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Joshua - Richmond, Texas

Glad to let loose at grandparent's lake house

Josh gets along with everyone. Even as one of two children at Dad's company chili cookoff.
I would like to share a story with you about my son Joshua. He was born in 1994 with an underdeveloped right hand.

Once when he was about 3, he held up his left hand and asked, "What is this?"
"That's your left hand," was my reply.
He held up his right hand and asked, "What is this?"
"That's your right hand," I told him, expecting more questioning.

He stood there a second, compared the two, shrugged his shoulders and went on about his business.

Since then he has never questioned the difference. Only once when he first started Kindergarten did he have a problem with other people. He wanted to know why everyone kept asking him what happened to his hand all the time.

I asked him what he was telling them, and he said "I just tell them that I was born like that."
"So, what is the problem?" I asked.
In full drama, with hand to forehead and all, he said, "It just gives me such a headache."

It was difficult, but I kept the giggling down to a minimum.

We have not treated him any differently than we would any other child with two "big" hands, and, I think, it has been the best thing for him. Most people don't notice anything different about him unless they have come in contact with someone with a hand difference in the past or they are a kid. This is a child who can go to Mc Donald's and be best friends with whoever is already playing there by the time we have to leave. It doesn't seem to matter how old they are, or what their gender or difference is.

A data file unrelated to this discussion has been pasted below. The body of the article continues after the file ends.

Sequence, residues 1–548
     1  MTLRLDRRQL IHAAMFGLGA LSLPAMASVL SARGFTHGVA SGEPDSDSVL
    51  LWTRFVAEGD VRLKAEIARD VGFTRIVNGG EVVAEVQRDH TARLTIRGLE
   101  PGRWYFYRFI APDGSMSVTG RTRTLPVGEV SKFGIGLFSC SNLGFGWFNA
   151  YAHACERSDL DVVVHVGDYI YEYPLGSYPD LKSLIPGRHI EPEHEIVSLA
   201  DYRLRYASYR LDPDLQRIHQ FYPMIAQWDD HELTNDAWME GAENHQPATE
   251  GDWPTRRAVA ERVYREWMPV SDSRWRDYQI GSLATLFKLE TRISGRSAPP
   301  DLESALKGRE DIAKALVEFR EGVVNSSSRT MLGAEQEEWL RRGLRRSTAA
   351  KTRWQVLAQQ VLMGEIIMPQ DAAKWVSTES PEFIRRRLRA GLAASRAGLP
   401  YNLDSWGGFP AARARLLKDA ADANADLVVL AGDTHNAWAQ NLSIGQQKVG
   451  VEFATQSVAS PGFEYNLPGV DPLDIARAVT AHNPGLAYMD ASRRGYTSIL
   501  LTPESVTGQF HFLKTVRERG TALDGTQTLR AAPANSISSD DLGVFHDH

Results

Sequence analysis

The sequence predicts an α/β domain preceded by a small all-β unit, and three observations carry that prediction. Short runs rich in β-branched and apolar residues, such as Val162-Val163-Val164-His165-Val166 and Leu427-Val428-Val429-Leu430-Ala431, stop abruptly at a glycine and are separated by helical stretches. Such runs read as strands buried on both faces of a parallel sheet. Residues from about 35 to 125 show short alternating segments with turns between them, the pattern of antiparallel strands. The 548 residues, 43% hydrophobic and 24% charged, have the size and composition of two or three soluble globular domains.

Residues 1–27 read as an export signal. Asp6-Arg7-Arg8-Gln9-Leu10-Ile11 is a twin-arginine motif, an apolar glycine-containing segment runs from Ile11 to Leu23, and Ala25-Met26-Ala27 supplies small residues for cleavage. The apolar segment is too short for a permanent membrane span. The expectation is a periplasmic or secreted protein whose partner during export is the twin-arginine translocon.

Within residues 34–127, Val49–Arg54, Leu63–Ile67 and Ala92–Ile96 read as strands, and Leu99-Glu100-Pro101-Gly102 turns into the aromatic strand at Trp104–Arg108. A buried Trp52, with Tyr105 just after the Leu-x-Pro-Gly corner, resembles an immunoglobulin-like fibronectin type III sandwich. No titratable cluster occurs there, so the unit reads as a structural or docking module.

We decided to let Josh choose an extra curricular activity in Kindergarten. He chose Tae Kwon Do. I thought it was a good choice because it would give him some extra confidence and training to help him deal with the taunting that I thought would eventually become part of his life. They initially pampered him by helping him with his gear, but eventually he got to where he could put it on by himself and even faster than other children.

At one of the testings, one of his classmates brought a guest. The boy was so "taken" by Joshua's hand that he kept pointing it out to everyone. The majority of the kids were ignoring this kid, but one piped up and said, in a rather monotone voice, "So? He's always been like that." I was proud of the classmate for that response. Josh is so good about just being a regular kid, that I had forgotten that other kids could react to him this way. Josh either didn't hear the comment, or was ignoring it. Either way, he didn't show that he was effected. He usually wears his emotions on his sleeve, so I believe that it would have shown if he'd been hurt.

He is now a First Degree Decided Black Belt through the ITA at the ripe old age of 8. He's also in second grade and he's learning to tie his shoes. He's letting me write this to you in hopes that he can inspire someone else. PLUS he's in love with the idea of having a "story" about himself where other people can read it.

Kelly and Hector
This is my sister Brianna. Sometimes we fight, but we play well together more often than not.

To communicate with Joshua send an email to his parents.

If you want to be a SuperHands Kid or Hero, or know any inspiring stories that would be a benefit to this site's viewers, please send me an email. Thank You!

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